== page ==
Reimagining 'New Town' Columbia as a New City
Columbia has never looked or felt like a city, despite being the size of one. Is it time for that to change?
Founded as a "new town" four decades ago by James Rouse, Columbia is still not an incorporated municipality but rather an area, albeit a large one, of Howard County. It encompasses many land uses and nearly 100,000 people but has remained predominantly a bedroom community. Columbia is "sub-urban" and continues to convey a pastoral image, with its low density and curving parkways and streets, and looping drives and cul-de-sacs.
But that could change if Howard County approves a proposal on the future of Columbia's center.
General Growth Properties, a Chicago company that owns about 240 acres of the 364-acre Town Center Revitalization District, including the sprawling Mall in Columbia and acres of surface parking, has submitted an ambitious plan to reshape parts of the district into a more urban downtown.
The company's proposal, submitted as an amendment to the county's General Plan 2000, features state-of-the-art urban design thinking that is attributable to master-plan architects Cooper, Robertson & Partners and landscape architects Sasaki Associates.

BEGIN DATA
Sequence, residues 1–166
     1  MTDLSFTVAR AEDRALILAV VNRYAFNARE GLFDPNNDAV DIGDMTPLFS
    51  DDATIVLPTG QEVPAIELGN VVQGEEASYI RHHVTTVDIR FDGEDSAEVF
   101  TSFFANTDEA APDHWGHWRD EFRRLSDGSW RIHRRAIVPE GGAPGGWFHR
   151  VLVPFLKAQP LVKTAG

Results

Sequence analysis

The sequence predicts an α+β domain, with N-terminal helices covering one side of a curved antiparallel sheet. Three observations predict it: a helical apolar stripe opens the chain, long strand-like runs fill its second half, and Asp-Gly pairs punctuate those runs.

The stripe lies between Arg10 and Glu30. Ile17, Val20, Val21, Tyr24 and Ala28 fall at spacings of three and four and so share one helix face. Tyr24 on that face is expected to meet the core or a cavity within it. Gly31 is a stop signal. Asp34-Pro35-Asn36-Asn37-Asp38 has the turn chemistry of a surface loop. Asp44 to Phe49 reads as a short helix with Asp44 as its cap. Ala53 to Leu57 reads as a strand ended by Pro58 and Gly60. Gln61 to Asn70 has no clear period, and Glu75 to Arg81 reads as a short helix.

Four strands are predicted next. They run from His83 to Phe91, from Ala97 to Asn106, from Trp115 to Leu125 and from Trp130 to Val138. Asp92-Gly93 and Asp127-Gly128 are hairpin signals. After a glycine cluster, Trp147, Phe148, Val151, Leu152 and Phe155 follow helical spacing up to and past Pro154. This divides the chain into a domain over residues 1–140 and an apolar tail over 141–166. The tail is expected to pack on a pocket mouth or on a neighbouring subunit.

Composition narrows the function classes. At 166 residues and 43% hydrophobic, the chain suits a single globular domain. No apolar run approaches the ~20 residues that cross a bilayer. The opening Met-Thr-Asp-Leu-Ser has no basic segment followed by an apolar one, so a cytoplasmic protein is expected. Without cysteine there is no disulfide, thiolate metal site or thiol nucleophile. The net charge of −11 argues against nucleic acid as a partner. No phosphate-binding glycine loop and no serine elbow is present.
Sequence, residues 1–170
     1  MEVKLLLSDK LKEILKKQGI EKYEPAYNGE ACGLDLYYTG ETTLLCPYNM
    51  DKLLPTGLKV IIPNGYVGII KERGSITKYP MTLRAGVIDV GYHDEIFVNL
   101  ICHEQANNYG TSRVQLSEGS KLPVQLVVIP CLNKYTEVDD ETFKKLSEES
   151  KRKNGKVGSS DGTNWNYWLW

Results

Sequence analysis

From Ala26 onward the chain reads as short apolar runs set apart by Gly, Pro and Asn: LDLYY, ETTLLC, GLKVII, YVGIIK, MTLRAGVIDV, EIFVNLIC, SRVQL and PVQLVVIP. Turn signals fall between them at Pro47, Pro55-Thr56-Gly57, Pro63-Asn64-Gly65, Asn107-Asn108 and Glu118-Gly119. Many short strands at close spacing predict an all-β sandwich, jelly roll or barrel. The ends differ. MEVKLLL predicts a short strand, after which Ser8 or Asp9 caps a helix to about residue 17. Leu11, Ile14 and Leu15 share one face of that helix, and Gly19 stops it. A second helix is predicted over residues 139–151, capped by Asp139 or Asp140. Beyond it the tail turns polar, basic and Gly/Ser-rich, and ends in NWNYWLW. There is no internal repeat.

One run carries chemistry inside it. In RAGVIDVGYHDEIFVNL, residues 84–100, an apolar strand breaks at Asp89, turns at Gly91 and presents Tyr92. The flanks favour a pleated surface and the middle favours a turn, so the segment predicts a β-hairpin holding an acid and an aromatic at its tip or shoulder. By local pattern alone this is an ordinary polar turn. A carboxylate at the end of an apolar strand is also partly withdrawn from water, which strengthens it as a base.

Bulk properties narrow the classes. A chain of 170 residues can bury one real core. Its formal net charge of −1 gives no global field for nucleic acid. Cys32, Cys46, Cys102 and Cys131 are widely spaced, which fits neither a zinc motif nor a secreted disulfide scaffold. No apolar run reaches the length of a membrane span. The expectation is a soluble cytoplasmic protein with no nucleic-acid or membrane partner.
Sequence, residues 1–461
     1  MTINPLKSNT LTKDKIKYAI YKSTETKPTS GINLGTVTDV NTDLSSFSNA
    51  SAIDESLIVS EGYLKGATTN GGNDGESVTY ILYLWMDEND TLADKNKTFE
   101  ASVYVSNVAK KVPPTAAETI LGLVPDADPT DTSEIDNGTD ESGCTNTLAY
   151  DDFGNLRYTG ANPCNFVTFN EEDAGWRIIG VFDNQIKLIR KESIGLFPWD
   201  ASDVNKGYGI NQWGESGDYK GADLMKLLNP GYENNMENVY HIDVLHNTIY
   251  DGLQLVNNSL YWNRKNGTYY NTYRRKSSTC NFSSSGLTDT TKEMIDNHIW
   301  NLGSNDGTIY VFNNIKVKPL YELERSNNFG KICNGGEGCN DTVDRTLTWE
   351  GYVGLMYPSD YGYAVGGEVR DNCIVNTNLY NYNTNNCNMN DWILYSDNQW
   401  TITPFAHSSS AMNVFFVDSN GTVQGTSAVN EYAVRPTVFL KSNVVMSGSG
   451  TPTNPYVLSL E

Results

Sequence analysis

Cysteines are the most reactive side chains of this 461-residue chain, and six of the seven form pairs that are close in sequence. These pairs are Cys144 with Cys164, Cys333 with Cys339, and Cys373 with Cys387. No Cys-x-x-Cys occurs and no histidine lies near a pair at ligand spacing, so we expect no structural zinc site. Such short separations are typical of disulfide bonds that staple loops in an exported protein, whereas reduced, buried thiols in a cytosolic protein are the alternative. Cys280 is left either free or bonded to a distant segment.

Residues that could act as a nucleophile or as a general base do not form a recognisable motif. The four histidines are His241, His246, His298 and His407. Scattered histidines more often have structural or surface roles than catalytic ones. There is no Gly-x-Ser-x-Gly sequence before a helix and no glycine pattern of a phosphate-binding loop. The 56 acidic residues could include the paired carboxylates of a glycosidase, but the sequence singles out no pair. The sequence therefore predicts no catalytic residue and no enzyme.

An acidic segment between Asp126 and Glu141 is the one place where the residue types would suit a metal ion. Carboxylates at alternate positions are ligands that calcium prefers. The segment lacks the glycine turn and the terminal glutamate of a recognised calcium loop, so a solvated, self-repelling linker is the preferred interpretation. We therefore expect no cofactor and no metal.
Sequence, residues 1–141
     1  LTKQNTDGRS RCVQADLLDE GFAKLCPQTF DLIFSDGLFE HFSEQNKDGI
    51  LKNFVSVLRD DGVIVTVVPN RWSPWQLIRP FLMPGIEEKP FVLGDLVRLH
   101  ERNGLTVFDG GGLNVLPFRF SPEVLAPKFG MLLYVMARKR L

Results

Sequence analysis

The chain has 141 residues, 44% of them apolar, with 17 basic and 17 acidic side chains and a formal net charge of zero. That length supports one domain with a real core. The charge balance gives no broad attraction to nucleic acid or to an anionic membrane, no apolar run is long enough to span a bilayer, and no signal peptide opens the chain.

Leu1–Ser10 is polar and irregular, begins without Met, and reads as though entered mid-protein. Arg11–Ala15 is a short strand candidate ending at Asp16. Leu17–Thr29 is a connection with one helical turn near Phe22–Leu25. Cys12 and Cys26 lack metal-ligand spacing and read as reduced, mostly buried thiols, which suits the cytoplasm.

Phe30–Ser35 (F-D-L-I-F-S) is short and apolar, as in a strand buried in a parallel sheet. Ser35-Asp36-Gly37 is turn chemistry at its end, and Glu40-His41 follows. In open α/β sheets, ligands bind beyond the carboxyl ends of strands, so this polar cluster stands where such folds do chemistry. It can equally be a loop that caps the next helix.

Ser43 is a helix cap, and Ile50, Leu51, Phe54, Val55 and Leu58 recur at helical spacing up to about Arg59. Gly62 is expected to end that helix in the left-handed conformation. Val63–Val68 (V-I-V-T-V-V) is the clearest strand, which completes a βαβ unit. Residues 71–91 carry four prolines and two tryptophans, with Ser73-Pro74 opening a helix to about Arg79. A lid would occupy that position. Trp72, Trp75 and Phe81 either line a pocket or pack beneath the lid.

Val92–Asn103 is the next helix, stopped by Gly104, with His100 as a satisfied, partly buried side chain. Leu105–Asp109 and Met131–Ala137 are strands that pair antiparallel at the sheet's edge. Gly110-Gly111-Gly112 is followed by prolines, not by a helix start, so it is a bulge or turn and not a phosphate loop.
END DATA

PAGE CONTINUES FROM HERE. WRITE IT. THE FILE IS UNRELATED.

While preserving the mall and buildings around it, the General Growth Properties plan superimposes a pattern of blocks and civic spaces defined by a grid of tree-lined, pedestrian-friendly streets. It also includes strategies for transportation management, parking, transit, environmental protection, sustainability, energy conservation and phasing.
Over several decades, 5,500 apartments and townhouses, 640 hotel rooms, more than 1 million square feet of retail space, and nearly 5 million square feet of office space would be added. Surface parking lots would be replaced by parking garages imbedded within blocks and made financially feasible by increased density.
Yet the plan enhances the district's open space network of landscaped plazas, pedestrian promenades and natural areas, including the Merriweather Post Pavilion and surrounding park and the underused Lake Kittamaqundi.
Because inhabitants of dense housing in the Town Center would mostly be singles and couples with few or no children, General Growth Properties and the county anticipate that growth would not strain the school system.
But not all of Columbia's residents want the Town Center to become more citylike. Many chose life in Columbia as an affordable, aesthetically desirable alternative to life in the city or an anonymous subdivision. They embraced Rouse's original "New America" vision and believe it should not be altered or jeopardized.
Despite assurances to the contrary and the county's adequate public-facilities ordinance, some residents also worry that redevelopment will overburden infrastructure -- access roads, utility systems, schools and community facilities.
In fact, it's fair to ask why Columbia needs a "real downtown," setting aside the economic motivations of the developer and the county.